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Ubuntu – I am nothing without you

Gatluak Chuol (third from right) and family in traditional Sudanese clothing.

After a long journey through camps in Africa and advocating for fellow refugees in Aotearoa New Zealand, Gatluak Chuol is now making a difference through his role at MBIE.

20 June 2024
3 minute read

World Refugee Day is celebrated on 20 June each year – a time to reflect on the courage and resilience of refugees worldwide and the valuable contributions they make to their new homes. This week, we share the life stories of some MBIE hoamahi who come from refugee backgrounds.

Gatluak Chuol, Senior Advisor – Community Engagement, in the Refugee and Migrant Support team Immigration New Zealand Te Rōpū Manene, never thought he would be a public servant as he had so much mistrust of government. In fact, he ran away from a corrupt government in his home country of Sudan when he was just 13 years old.

After 3 months of walking, fleeing bombing and warfare by day and wildlife such as lions at night, Gatluak spent more than 20 years in refugee camps in Ethiopia and Kenya. In 1999, he met Lilian, a Sudanese refugee, in a Kenyan refugee camp and they married in late 2000.

A few years later, the family became separated when Gatluak was supporting UN staff and they got stuck in a war-torn area. In 2004, the family was accepted to come to Aotearoa New Zealand as Quota Refugees, and they arrived without Gat as they believed he had died.

Fortunately, Gatluak was able to find his family and in 2015, he arrived in Aotearoa New Zealand to be reunited with his wife and their children.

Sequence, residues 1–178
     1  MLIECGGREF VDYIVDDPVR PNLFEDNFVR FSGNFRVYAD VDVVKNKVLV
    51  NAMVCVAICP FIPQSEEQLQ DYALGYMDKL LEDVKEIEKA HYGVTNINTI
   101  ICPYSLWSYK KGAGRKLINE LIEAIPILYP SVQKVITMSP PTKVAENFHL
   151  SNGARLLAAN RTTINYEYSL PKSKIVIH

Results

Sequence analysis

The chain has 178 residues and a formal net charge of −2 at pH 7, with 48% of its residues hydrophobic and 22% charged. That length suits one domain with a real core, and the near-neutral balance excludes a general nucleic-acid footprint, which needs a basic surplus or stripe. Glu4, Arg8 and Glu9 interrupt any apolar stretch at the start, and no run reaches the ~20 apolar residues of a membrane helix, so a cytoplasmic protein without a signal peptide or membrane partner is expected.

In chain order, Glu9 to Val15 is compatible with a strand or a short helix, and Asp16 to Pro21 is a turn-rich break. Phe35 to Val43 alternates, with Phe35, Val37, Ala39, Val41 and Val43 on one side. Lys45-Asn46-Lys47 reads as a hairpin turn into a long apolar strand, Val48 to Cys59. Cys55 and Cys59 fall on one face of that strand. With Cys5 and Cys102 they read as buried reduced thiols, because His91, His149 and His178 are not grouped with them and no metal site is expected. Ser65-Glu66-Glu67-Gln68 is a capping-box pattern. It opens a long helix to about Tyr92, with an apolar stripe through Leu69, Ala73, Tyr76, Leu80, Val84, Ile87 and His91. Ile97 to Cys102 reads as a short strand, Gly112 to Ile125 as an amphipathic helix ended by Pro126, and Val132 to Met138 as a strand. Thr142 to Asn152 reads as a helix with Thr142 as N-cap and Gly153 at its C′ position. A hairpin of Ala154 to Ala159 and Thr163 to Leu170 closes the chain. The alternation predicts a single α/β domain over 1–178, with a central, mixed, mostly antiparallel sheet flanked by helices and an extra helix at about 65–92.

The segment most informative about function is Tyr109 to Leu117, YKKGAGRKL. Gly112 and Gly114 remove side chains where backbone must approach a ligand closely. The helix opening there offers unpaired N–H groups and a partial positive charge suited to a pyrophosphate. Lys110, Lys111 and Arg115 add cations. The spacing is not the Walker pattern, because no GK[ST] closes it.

“For a world where refugees are welcomed”

After arriving in Aotearoa, Gatluak worked as a community advocate for more than 2 decades, supporting other former refugees to resettle. He loved what he was doing but applied for the Senior Advisor – Community Engagement role in 2023 because he realised that “[his] contribution would make more of a difference within the system rather than outside the system”.

Rear, from left: Remy Bucumi, Jordan Fallow, Afnan Al-Rubayee, Lillian Pak, Philippa Tomoana, Tracey Hutching, Sarah Ward, Gatluak Chuol. Front, from left: Julia Corciulo, Imogen Prickett, Alice Garner.

His role involves engaging with refugee background communities and supporting refugee resettlement groups.

Gatluak particularly enjoys working directly with community leaders in a proactive way, supporting grassroots efforts, empowering communities and ensuring former refugees have a voice. He also likes working within a diverse, multicultural and supportive team.

“I am a strong believer of the African ubuntu, which basically means I am nothing without you, that we succeed together,” says Gatluak. “Mahi Tahi reflects this spirit of teamwork. I don’t own the successes in my job because they are a result of collective efforts from colleagues and other people involved.”

For Gatluak, “It has always been about people. You live for the future and people are the future.” He enjoys spending time with his wife, Lilian, their four children and their extended family and friends. He is also very involved with his church group. His wife is very proud of him and says, “he’s a kind, caring and generous man who would always help others, especially former refugees. He makes everyone feel welcomed.”

Gatluak’s colleagues love working with him, noting he is an excellent team member and the embodiment of the theme of World Refugee Day 2024: “for a world where refugees are welcomed”.

For more information on World Refugee Day, visit the United Nations High Commissioner for Refugees website.

World Refugee Day 2024 — The UN Refugee Agency